A Nearly Normal Family by M.T. Edvardsson

I borrowed this audiobook because of Richard Armitage but was instead wowed more by the other narrators Georgia Maguire, who narrated the daughter’s chapters, and Emily Watson, who narrated the wife’s chapters. 

The story opens with a court room scene and we learn that 18-year-old Stella is on trial for murder. 

The first third of the story is told from the father’s POV. Adam is a pastor and is determined to prove his daughter’s innocence, overstepping some boundaries while doing so. He’s rather overbearing. And I guess that’s why Armitage reads in a bit of an overbearing way (if that’s possible). 

But we move onto Stella, who is in prison. She’s quite an unreliable narrator. A rebellious teen who’s also got a vulnerable side; and the narrator conveys that well.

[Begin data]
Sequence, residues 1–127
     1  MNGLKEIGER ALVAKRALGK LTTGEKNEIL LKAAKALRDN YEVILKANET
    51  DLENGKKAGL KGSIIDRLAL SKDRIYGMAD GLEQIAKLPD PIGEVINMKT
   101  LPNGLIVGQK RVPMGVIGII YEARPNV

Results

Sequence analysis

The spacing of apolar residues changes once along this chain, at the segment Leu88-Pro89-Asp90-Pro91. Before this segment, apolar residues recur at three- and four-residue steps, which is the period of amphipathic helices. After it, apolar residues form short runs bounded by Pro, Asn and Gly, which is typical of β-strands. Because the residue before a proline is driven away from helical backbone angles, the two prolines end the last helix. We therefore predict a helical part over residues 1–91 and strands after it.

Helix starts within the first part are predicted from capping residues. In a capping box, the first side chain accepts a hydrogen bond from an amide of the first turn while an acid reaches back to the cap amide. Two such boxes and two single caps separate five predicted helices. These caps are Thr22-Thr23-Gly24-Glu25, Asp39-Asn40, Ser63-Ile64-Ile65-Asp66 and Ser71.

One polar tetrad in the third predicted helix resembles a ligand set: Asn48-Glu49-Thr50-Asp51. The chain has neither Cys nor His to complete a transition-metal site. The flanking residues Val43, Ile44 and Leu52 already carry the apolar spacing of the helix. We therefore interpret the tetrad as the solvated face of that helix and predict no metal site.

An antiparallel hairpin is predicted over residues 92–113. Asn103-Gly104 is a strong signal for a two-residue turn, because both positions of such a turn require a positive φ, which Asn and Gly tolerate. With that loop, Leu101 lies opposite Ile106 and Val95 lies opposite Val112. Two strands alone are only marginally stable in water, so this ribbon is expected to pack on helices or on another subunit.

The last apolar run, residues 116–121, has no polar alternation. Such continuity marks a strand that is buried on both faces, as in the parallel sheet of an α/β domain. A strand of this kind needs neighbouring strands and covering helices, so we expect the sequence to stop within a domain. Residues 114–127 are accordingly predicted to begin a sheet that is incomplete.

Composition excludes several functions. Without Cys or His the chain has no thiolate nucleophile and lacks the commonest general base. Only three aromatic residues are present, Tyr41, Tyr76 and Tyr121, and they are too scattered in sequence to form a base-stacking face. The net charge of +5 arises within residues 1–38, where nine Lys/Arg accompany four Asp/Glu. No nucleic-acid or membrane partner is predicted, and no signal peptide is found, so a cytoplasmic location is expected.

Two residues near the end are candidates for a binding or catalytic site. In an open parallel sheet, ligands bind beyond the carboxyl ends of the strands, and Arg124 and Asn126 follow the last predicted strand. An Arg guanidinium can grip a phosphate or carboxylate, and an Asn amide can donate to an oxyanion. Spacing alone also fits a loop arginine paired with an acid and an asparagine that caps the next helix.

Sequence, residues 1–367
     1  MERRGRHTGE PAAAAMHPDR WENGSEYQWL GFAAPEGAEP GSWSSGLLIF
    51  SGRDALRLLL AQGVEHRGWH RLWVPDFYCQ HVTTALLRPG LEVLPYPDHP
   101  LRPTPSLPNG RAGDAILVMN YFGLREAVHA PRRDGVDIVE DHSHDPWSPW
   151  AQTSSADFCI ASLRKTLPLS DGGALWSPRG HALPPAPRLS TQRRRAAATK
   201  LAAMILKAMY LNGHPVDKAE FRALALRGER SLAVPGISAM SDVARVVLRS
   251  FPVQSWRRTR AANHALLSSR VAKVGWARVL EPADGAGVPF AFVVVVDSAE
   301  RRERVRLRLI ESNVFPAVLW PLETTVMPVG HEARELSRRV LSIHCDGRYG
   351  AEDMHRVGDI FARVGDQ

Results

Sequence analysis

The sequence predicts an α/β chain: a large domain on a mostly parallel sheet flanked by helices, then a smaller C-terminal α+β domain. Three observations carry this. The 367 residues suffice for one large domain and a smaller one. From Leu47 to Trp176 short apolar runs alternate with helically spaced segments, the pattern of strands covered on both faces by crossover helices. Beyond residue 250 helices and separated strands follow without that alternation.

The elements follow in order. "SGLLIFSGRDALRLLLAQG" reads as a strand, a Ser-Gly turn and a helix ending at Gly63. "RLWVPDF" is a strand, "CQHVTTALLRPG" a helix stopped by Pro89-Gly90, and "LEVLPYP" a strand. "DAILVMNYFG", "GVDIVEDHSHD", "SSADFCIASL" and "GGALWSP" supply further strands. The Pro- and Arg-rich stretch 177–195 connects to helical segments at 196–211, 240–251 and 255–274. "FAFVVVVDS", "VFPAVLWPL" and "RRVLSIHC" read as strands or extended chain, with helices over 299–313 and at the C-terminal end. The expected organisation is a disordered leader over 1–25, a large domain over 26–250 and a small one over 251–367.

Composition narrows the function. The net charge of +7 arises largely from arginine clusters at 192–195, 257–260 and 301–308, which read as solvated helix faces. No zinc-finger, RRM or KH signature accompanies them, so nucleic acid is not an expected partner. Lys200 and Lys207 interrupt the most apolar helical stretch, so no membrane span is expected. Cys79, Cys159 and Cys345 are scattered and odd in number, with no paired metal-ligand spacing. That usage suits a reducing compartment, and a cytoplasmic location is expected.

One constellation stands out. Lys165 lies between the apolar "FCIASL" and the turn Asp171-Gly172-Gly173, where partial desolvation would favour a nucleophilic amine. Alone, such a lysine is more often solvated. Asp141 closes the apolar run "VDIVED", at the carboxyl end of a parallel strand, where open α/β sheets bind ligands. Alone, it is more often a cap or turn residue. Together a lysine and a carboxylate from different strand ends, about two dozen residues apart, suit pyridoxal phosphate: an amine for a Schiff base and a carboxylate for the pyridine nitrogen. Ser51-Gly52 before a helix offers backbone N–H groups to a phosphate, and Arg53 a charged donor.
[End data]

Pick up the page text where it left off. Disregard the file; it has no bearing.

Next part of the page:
The final third is told from the mother’s perspective. Ulrika is tough, a lawyer. Much of her section is told in the courtroom, as the story comes to a close. She also reflects on motherhood and her family and their relationships with each other. 

This worked well for me as an audiobook. It might have been a bit repetitive as a print read since it’s told from three perspectives, but as I can be a bit distracted when it comes to fictional audiobooks, it didn’t come off that way to me. I loved the very distinct voices by the three narrators. The audiobook was very compelling and kept me hanging on. I tend not to do well with fiction audiobooks but I enjoyed this one greatly. 


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